Wow, what a week! Enrollment has been difficult to predict this year, and so I wasn’t sure if I would/should teach, if I would get paid well (or for adjunct wages), or how many classes I would teach. As it turns out, I am teaching two new preps for adjunct wages, partly because that’s what the department needs and partly because if I’m going to make the commute to work, I might as well teach two classes instead of one. (After a week of what felt like talking nonstop in 4-hour increments, I’m beginning to doubt that logic.)
The first week has been really hectic, but I’m hoping that I’ll get the hang of this pacing soon. Last semester I taught 50 minute classes, which were way too short for me. The summer classes are both two hours long, and that’s way too long for me. I need those lovely hour and fifteen minute classes. That’s where the magic happens.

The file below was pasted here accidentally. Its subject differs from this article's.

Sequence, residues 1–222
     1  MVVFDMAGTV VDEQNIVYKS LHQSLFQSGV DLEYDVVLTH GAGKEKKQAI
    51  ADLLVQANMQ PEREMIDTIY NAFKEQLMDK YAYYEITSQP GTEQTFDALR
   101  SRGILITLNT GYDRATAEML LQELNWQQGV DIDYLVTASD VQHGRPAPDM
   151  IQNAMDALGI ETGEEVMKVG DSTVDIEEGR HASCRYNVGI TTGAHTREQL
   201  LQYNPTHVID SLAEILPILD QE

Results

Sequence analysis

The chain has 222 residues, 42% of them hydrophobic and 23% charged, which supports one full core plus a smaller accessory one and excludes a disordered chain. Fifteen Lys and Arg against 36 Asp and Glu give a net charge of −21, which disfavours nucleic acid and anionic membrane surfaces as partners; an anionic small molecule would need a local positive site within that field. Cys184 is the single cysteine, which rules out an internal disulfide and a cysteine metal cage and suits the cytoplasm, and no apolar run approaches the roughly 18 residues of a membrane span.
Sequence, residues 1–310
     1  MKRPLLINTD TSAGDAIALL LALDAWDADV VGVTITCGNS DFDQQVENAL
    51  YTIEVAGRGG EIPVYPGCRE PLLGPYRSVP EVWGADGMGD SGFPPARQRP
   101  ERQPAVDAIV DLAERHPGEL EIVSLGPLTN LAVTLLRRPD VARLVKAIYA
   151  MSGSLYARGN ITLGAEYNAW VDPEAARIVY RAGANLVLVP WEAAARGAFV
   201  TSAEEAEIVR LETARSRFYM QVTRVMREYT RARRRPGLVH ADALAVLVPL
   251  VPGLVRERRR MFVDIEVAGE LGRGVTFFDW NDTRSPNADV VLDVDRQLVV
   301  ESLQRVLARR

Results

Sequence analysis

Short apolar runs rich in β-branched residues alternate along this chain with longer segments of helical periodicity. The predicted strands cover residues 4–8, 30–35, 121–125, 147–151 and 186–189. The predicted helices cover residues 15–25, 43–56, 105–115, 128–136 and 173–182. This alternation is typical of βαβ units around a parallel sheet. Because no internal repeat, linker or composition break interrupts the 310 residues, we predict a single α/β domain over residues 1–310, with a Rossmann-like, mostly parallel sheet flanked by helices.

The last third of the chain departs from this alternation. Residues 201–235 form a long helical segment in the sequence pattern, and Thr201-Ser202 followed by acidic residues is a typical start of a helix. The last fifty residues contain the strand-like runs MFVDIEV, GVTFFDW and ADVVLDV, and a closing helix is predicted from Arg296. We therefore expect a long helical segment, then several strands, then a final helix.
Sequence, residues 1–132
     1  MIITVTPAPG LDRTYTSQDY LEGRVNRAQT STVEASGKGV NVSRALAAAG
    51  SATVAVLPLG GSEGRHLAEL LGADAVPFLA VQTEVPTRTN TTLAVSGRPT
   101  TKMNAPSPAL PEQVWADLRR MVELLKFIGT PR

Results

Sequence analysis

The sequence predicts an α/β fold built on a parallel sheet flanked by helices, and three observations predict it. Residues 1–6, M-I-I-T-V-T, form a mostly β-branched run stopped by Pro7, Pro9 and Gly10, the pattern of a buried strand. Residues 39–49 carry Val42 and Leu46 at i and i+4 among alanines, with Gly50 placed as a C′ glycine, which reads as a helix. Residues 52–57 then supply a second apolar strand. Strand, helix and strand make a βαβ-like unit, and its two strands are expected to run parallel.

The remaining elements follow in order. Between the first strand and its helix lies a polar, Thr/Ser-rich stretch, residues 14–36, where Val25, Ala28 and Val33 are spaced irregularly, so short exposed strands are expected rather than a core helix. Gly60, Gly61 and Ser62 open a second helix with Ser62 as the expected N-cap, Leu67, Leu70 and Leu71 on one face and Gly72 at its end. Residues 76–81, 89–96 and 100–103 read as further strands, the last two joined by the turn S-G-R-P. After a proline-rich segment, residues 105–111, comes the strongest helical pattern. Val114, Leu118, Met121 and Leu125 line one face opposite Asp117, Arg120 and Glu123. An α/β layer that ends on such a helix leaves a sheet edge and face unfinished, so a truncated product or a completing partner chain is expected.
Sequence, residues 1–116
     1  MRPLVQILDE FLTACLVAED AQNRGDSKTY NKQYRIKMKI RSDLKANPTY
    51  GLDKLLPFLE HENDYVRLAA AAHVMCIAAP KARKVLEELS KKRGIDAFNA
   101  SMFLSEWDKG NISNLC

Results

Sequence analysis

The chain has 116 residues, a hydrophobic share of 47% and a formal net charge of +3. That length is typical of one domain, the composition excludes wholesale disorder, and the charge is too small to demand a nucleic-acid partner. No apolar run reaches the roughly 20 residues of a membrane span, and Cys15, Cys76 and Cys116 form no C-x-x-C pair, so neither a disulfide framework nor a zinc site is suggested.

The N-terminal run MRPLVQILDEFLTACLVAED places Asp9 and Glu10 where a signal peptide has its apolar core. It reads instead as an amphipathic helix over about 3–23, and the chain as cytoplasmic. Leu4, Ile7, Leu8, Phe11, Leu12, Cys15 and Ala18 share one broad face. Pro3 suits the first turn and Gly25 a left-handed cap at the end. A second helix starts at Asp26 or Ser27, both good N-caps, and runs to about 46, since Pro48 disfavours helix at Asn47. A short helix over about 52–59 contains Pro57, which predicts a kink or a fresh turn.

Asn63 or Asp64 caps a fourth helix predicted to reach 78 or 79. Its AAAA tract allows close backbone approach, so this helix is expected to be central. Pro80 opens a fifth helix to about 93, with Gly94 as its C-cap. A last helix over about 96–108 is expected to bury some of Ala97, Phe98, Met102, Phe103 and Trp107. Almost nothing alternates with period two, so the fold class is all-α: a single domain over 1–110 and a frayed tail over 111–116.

While this week is not one that I want to relive, and I have a ton of work to do in the next few weeks, I think it will be okay. My time in the trenches as an adjunct prepared me for this. I’m not sure if I would elect to do two new preps again next summer, but I think I’ll probably teach in the summers again. I’m just hoping that I’ll get some real vacation time after this semester is over.
The thing about teaching is that it never goes away. Yes, the hours are usually pretty good, with some flexibility, but the real workload never ends. Teaching means checking and responding to emails at all hours and grading through the weekends. Yes, I’ll get a month off in the summer, but that month will mostly be spent working on scholarship for publication, which is a requirement of my employment. When I’m not actively working on work, I’m still thinking about work.* I still regularly negotiate the way my time is spent and the way I earn my money because, while it is certainly differently than an 8-hour shift at the plywood mill, academic work never ends. After the eight-hour shift, the rest of your day is your own. That is not ever the case as a teacher.
*One of my goals this year was to spend less time thinking about work during non-work-related activities, and I think I’ve improved in that tremendously since I’ve completed my PhD.